The Smart Service Dispatch

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September 20, 2018

 

Lessons Your Field Service Business Can Learn From This Year’s Super Bowl Teams

One team has enjoyed two decades of dominance. The other burst onto the scene from nowhere. What can we learn from their success stories?

Normally, The Smart Service Blog strives to provide field service businesses with actionable, usable, useful business and technology tips. However, with this weekend’s Super Bowl looming, we thought we might throw all that out the window and have some fun instead. So, if you, like me, would like to find some way to justify browsing Super Bowl content for work, well… you came to the right place.

Super Bowl LII pits the indomitable, indefatigable, and (let’s be honest) widely reviled New England Patriots against the young, exciting, upstart Philadelphia Eagles in frigid Minneapolis, Minnesota. As of this writing, Vegas favors New England by 4.5 points, which—again, let’s be honest—seems like a wild overestimation of Philadelphia’s chances.

But! We’re not here to predict sports outcomes. We’re here to see what business lessons we can learn from these two very successful teams and their very successful seasons.

The New England Patriots

The Patriots may be one of the most hated teams in sports, but you can’t argue with their success. In the 17 year Tom Brady/Bill Belichick era, the team has amassed five Super Bowl wins, 15 playoff appearances, and the best overall winning percentage in the NFL. How did they do it?

Hire good people and stick with them.

Tom Brady is a good employee.

There’s a reason people call it the Brady/Belichick era. In almost two decades of action, the player/coach duo have seen their share of ups and downs (but mostly ups). Through it all, Patriots ownership hasn’t wavered, they’ve always stuck by their boys. (It helps when your trophy case keeps expanding, of course.) The lesson here? Find good talent, then keep that talent happy. If your employees are “engaged and thriving”, they are 59% less likely to switch jobs in the next year. Hiring well yields championship results in every profession.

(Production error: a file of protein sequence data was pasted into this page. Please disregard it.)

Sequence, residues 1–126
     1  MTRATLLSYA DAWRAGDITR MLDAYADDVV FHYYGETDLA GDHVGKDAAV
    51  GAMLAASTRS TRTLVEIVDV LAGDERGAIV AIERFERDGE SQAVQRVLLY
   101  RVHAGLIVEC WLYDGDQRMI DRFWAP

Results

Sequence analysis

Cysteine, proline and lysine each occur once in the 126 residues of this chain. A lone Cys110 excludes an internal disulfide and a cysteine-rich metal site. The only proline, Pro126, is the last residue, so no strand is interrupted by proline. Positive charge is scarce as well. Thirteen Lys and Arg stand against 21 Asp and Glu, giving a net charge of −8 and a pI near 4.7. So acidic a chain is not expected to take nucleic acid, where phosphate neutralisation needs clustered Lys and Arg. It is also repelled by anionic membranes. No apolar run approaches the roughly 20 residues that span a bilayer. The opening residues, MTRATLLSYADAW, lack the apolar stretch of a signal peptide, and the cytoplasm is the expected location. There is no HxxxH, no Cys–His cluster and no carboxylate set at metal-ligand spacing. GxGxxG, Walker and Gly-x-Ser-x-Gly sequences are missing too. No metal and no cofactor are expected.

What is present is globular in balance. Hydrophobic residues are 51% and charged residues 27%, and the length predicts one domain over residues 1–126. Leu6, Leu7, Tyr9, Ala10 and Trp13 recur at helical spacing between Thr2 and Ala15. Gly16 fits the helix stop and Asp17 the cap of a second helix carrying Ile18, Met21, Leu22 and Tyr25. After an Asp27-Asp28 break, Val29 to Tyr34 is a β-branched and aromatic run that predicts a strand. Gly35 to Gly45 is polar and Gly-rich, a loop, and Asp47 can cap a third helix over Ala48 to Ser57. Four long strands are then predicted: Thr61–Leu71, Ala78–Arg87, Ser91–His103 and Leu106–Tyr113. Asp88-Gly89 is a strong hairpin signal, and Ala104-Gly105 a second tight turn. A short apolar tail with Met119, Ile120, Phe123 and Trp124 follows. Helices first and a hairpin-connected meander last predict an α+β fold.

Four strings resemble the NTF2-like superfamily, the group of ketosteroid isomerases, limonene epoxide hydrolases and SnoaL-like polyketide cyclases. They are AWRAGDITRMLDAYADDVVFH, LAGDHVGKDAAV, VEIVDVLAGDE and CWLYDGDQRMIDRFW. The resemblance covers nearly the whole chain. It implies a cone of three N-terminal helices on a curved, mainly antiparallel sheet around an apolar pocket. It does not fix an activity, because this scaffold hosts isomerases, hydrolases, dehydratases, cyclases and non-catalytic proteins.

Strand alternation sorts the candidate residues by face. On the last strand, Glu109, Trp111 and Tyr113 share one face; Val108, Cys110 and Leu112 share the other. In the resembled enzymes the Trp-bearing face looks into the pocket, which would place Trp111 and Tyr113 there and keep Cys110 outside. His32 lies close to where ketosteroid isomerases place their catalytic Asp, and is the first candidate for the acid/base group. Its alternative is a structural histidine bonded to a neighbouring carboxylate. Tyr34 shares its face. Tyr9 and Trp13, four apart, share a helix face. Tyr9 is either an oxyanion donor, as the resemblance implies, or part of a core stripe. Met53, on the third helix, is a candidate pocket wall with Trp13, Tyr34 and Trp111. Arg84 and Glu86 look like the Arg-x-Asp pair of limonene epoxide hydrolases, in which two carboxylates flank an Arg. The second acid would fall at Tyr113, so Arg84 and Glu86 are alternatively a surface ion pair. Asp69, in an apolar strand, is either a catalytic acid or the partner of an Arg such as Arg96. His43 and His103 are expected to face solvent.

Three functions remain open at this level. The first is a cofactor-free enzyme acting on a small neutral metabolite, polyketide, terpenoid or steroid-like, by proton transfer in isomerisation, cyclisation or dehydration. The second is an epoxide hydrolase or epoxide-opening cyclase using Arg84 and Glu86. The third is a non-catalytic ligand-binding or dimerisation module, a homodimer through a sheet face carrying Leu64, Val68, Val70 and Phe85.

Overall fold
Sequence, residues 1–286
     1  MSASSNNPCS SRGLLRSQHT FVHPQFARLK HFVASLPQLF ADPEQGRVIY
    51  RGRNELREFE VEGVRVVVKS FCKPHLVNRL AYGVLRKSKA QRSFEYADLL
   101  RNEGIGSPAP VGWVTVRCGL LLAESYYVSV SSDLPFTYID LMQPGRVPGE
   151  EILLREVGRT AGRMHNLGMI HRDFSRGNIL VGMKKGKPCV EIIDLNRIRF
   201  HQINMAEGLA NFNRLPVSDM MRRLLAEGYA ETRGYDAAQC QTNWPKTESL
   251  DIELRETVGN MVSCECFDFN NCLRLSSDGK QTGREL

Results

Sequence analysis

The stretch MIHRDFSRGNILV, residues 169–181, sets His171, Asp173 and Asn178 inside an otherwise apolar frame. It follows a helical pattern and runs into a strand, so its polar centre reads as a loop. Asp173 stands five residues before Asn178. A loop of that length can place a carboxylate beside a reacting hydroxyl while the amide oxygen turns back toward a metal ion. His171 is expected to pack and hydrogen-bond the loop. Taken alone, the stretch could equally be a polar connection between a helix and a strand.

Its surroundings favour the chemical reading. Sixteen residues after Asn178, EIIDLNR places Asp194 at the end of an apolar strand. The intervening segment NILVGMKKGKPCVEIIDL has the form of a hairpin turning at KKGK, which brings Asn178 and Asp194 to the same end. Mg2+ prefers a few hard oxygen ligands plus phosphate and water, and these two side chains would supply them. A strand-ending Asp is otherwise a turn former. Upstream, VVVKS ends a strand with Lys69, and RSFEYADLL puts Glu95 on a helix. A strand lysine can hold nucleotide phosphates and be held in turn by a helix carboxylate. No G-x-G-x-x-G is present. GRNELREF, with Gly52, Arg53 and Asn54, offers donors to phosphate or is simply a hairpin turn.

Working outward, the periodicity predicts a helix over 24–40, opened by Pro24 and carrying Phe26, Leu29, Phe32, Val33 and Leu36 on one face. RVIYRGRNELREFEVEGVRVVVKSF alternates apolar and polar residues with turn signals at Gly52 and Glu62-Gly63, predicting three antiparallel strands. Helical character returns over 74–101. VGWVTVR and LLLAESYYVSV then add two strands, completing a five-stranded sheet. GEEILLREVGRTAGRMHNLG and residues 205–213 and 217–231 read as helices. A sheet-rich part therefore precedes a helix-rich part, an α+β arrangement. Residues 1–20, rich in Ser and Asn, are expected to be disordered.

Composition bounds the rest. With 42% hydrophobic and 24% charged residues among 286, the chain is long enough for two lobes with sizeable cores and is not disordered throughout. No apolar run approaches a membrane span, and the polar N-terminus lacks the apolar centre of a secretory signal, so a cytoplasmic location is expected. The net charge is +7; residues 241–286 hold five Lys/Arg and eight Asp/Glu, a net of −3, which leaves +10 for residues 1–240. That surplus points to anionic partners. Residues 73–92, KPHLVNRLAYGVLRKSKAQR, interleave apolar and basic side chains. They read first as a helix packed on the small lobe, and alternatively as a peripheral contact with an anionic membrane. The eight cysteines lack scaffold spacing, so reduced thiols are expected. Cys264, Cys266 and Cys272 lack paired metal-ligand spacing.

Do whatever it takes.

The Patriots are notorious for seeking an edge wherever possible. Occasionally, this gets them into trouble (so I’m not actually 100% sure I should be positioning this point as good advice). In 2007, their overzealousness cost them when they got caught illegally videotaping signals from the Jets sideline (hoping to gain a marginal edge against a woebegone opponent). Then, famously, in the 2014-15 playoffs, the Indianapolis Colts raised a hullabaloo about Tom Brady’s deflated footballs, kicking off the unforgettable deflategate scandal.

Both incidents arise from attempts to gain an edge over the opponent, however slight that edge might seem. Now, obviously we recommend operating your field service business within the confines of the law. That said, you should take a critical look at every facet of your operations and determine which could stand improvement. Perhaps digital dispatching should replace outdated scheduling processes? Perhaps an improved social media profile could give you an edge online?

Avoid mistakes.